Last night, Faraday set out to disprove his theory of "what happened, happened," by trying to change the past. However, it seems like trying to disprove his theory already happened, thus validating his original theory.

Confused? I'll elaborate, but watch the clip, and let Faraday explain in his own words what he's attempting to do, now that he has realized that humans—with their free will—are the "variables" that he never accounted for in his scientific research.

The major shocker (that wasn't very shocking to me because I totally called it!) is that Widmore is Faraday's father.

Oh, and that Faraday has the most fucked up relationship with his parents compared to every other character on Lost. He never knew his dad, and he eventually gets shot by his mother. But I'll get to that in a minute.


First, to refresh your memory, here is the orientation film from The Swan station, in which Dr. Chang discusses "the incident."

Faraday's new mission, now that he has returned to the Island from DHARMA headquarters in Ann Arbor, is to stop this incident from ever occurring, thus stopping a massive chain of reaction that led to Oceanic Flight 815 from crashing.

But I really don't like this idea, and I'll tell you why. The only love stories that interest me (and sometimes make me cry) are that of Jin and Sun and Penny and Desmond. If the plane never crashed, then Jin and Sun might never have fallen back in love, and revitalized their shitty marriage. They also might never have conceived their daughter.


Also, if The Swan station was never built, then Desmond would never have left. Remember on last night's episode when in the hospital, he told Penny that he promised her he'd "never leave [her] again"?

I think that Des and Penny needed that turmoil of separation, brought on by pushing the button every 108 minutes on the Island, to get to the happily-ever-after they're currently experiencing. What if he never left in the first place? Would they have appreciated how deep their love is, if they never experienced what it felt like to be without it?


In the beginning of the episode, we see a flashback of a young Faraday (btw, why is his last name and accent different from that of his parents?) playing the piano.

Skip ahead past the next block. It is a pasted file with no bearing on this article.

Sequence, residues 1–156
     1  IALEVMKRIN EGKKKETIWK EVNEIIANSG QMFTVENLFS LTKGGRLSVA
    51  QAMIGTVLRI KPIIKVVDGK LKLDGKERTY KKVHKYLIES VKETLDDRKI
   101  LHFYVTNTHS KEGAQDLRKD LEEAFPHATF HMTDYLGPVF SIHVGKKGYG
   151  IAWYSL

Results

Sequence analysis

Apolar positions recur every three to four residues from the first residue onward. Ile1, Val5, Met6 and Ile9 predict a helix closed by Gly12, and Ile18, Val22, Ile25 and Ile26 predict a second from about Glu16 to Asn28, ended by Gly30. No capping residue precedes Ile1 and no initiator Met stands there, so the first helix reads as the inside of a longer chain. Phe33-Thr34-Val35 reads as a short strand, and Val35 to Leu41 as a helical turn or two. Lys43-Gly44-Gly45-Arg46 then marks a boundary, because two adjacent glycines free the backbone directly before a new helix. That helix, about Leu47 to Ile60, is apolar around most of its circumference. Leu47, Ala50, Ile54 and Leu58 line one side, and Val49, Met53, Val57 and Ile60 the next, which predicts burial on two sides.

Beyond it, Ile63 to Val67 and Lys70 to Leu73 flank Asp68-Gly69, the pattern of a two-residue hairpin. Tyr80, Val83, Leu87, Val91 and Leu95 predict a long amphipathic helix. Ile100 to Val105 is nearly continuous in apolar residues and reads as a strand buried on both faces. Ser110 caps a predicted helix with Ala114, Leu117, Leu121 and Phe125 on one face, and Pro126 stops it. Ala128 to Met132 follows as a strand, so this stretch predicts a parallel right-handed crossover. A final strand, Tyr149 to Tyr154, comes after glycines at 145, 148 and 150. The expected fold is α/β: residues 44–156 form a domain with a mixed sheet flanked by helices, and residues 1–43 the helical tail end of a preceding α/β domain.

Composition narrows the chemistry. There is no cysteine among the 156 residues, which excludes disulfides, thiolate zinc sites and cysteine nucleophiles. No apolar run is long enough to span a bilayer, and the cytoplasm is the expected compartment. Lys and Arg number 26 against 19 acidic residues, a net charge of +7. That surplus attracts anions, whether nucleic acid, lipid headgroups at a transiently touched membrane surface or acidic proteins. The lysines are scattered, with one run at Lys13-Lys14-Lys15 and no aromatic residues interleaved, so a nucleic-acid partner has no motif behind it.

Eloise enters the room, kind of crying and serious, to tell her kid to stop fucking around with the arts, and get back to studying science.


He tells her that he can "make time" for both, to which she replies, "If only you could." First question: Does she know from firsthand experience that you can't fuck with time? Second question: What upset her so much that she forbid her son from spending/wasting time on his already-nerdy-enough hobby?

It's hard to tell what motivates Eloise because she always looks scary no matter what. Is she looking out for her own best interests? Does she even love her son?


The journals she gave him as a graduation gift (um, totally lame ass gift for being the youngest doctor to ever graduate from Oxford who immediately got a multimillion dollar research grant) suggests that she does.

Ironically, she uses the term "remember" in this inscription, knowing that her son will lose his memory after experimenting on himself.


After visiting Penny (her possible daughter?) in the hospital, Eloise runs into Widmore in the parking lot. She admits that she sent her son back to the Island, knowing full well that she would shoot him (in 1977). She and Widmore both convinced Faraday to go to the Island because he would be "healed." He (and the viewers) took this to mean that he would be healed of his brain problems.

My theory is that maybe Faraday will not die. Maybe he will be taken to the Temple by Richard, just as he did with Ben, and be brought back to life. Maybe Eloise isn't upset that she "killed" her son, but that she shot him, and caused him to know the secrets of the Temple, which means that he will "lose his innocence" and become one of the Others/Hostiles forever. Maybe to Eloise—who knows way more about what the hell is going on than anyone else—that's a fate worse than death.

Most interestingly though, she says to Penny in the hospital, "For the first time in a long time, I don't know what's going to happen next."


What's the significance of that? Did she only have knowledge of future events up to this point? Or did one of the "variables" actually manage to change the course of history?

As for Faraday, trying to disprove his theory only proved his theory. Despite his free will (is he suddenly a man of faith now?), he managed to behave in all the ways that he was supposed to, in order for events to continue to unfold as they always had. Case in point: his conversation with lil' Charlotte.


Just before she died, Charlotte had told Faraday that a "scary man" had approached her on the Island and told her to leave, and that the "scary man" was him. We saw this conversation happen, and Charlotte told him, "I'm not allowed to eat chocolate before dinner."

30 years later, those were her last words.